However, just to increase the suspense for the July 4th celebration, the Freedom of the Press Foundation posted Department of Justice documents (in March 2016) that suggested this president was having a change of heart. The Foundation ironically obtained documents through FOIA requests that are said to show that the White House actually “worked aggressively behind the scenes” to undermine these very Congressional reforms. Judge for yourself at: https://news.vice.com/article/it-took-a-foia-lawsuit-to-uncover-how-the-obama-administration-killed-foia-reform
. Especially since this bill received rare bi-partisan support, it is important that he signed this reform legislation and hope that his signing statement does not disrupt the goals of the law. We will post his signing statement when it is available.
It is important to celebrate our country's successes. The FOIA is one of them. Though it requires occasional tweaking and sometimes suffers from incorrect interpretations its goal is honorable. As observed by the U.S. Supreme Court in NLRB v. Robbins Tire & Rubber Co., 437 U.S. 214, 242 (1978), the "purpose of the FOIA is to ensure an informed citizenry, vital to the functioning of a democratic society, needed to check against corruption."
You may read the bill as passed and track its status at: Congress.gov
You may read the Senate Committee Report, S. Rept. 114-4 114th Cong
Once the Public Law Number has been assigned (which happens after the president signs the act), CWRU faculty, students and staff will soon be able track the complete background and legislative history of this bill/act through use of the Campus Libraries’ subscription to ProQuest Legislative Insight
Through this service you will be able to find any Presidential Signing Statement by President Obama, along with viewing the consolidated Congressional hearings, reports and other documents that led to the creation of this act.
Through the ProQuest resources you can also find President Johnson’s signing statement via Legislative Insight by searching 89th Congress, S. 1160, PL 89-487 in Legislative Insight. Not only can we find the final version of the bills that passed we can also find all the earlier proposed legislation that led to the drafting of the version that passed both houses of Congress.
Articles and Books
Below are selected resources providing additional background information and analysis on FOIA in the United States. These are available through CWRU libraries books and resources.
Martin E. Halstuk, “When is an Invasion of Privacy Unwarranted Under the FOIA? An Analysis of the Supreme Court’s “Sufficient Reason” and “Presumption of Legitimacy” Standards
,” 16 U. Fla. J.L. & Pub. Pol'y 361-400 (2005).
Margaret B. Kwoka, “Deferring to Secrecy
,” 54 B.C. L. Rev. 185-
Margaret B. Kwoka, “FOIA
.,” 66 Duke L. J. 1361-1438 (2016).
David S. Levine, “The Social Layer of Freedom of Information Law
,” 90 N.C. L. Rev. 1687
Robert S. Litt, “U.S. Intelligence Community Surveillance One Year After President Obama’s Address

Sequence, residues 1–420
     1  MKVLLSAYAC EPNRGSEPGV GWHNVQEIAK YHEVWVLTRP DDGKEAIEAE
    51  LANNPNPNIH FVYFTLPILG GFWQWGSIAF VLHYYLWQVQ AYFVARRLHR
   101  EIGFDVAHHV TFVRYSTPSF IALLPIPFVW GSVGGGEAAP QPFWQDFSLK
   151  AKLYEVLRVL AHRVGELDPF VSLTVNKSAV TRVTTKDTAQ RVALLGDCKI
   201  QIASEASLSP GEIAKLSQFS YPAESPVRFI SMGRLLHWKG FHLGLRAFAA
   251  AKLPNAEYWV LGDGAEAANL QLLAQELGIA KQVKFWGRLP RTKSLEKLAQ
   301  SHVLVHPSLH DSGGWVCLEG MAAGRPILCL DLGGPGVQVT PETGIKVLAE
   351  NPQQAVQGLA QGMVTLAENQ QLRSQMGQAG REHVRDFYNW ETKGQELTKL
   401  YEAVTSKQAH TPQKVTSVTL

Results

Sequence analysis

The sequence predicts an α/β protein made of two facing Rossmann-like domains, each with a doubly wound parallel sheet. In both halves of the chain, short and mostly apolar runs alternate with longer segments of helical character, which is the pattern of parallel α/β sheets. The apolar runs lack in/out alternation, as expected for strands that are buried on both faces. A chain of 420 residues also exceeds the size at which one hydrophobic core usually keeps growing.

,” 3 Nat’l Sec. L.J. 210 (2014-2015).
Jeannine E. Reilly & Meghna Sabharwal, “Perceptions of Transparency of Government Policymaking: A Cross-National Study
,” 26 Govt. Info. Q. 148-157 (2009).
Carol Shockley, “The Federal Presentence Investigation Report: Postsentence Disclosure under the Freedom of Information Act,
” 40 Admin. L. Rev. 79-119 (1988).
Laurence Tai, “Fast Fixes for FOIA
,” 52 Harv. J. Legis. 455-507 (2015).
Periodical Subject Headings You Can Use to Find More Articles:
Freedom of Information Act;
Law & Secrecy;
Transparency in government
Jason Ross Arnold, Secrecy in the Sunshine Era: The Promise and Failures of U.S. Open Government Laws
Law Library KF 5753 .A976 2014
Herbert N. Foerstel, Freedom of Information and the Right to Know: The Origins and Applications of the Freedom of Information Act
Law Library KF5753 .F64 1999
P. Stephen Gidiere III, The Federal Information Manual: How the Government Collects, Manages, and Discloses Information under FOIA and Other Statutes
Law Library KF 5753 .G53 2006
Frank G. Houdek, The Freedom of Information Act: A Comprehensive Bibliography of Law Related Materials
(3d ed. 1985).
David M. O’Brien, The Public’s Right to Know: The Supreme Court and the First Amendment
Law Library KF5753 .O24
KSL Stacks KF5753 .O24
CWRU Libraries’ Catalog or the OhioLINK Catalog Subject Headings
Government information – United States
Freedom of information – United States
Freedom of information – United States -- Bibliography
Freedom of information – United States – Cases
Official secrets – United States
United States. Freedom of Information Act -- Bibliography
Congress Passes FOIA Reform in Time for FOIA’s 50th Anniversary
(American Association of Law Libraries Blog).
Exemptions to Disclosure under FOIA:
1. National Security
2. Internal Agency Rules
3. Statutory Exemption
4. Trade Secrets
5. Internal Agency Memos
6. Personal Privacy
7. Law Enforcement Records
8. Bank Reports
9. Oil and gas well data
Reporters Committee for Freedom of the Press
, Last visited, June 30, 2016.
Freedom of Information at 40, LBJ Refused Ceremony, Undercut Bill with Signing Statement
, Posted July 4, 2006. Last visited, June 30, 2016.
“Major U.S. Supreme Court FOIA Cases
” Reporters Committee for Freedom of the Press, Last visited, June 30, 2016.
Jason Leopold, It Took a FOIA Lawsuit to UnCover How the Obama Administration Killed FOIA Reform
, Posted March 9, 2016.
website. Last visited, June 30, 2016.
White House Website: Transparency and Open Government
July 5, 2016 Update:
A Fact Sheet was posted by the White House: Fact Sheet: New Steps Toward Ensuring Openness and Transparency in Government
but so far it does not appear the President wrote a signing statement.
There was also a Statement by the Press Secretary on H.R. 3209, S. 337, S. 2133, S.2328, S. 2487
. The statement on S. 337 simply reports,
S. 337, the "FOIA Improvement Act of 2016," which amends the Freedom of Information Act (FOIA) by: requiring Federal agencies to make certain records available for public inspection in an electronic format; and requiring the Office of Management and Budget, in consultation with the Attorney General, to ensure the operation of an online portal that would allow FOIA requests to be submitted to any Federal agency through a single website;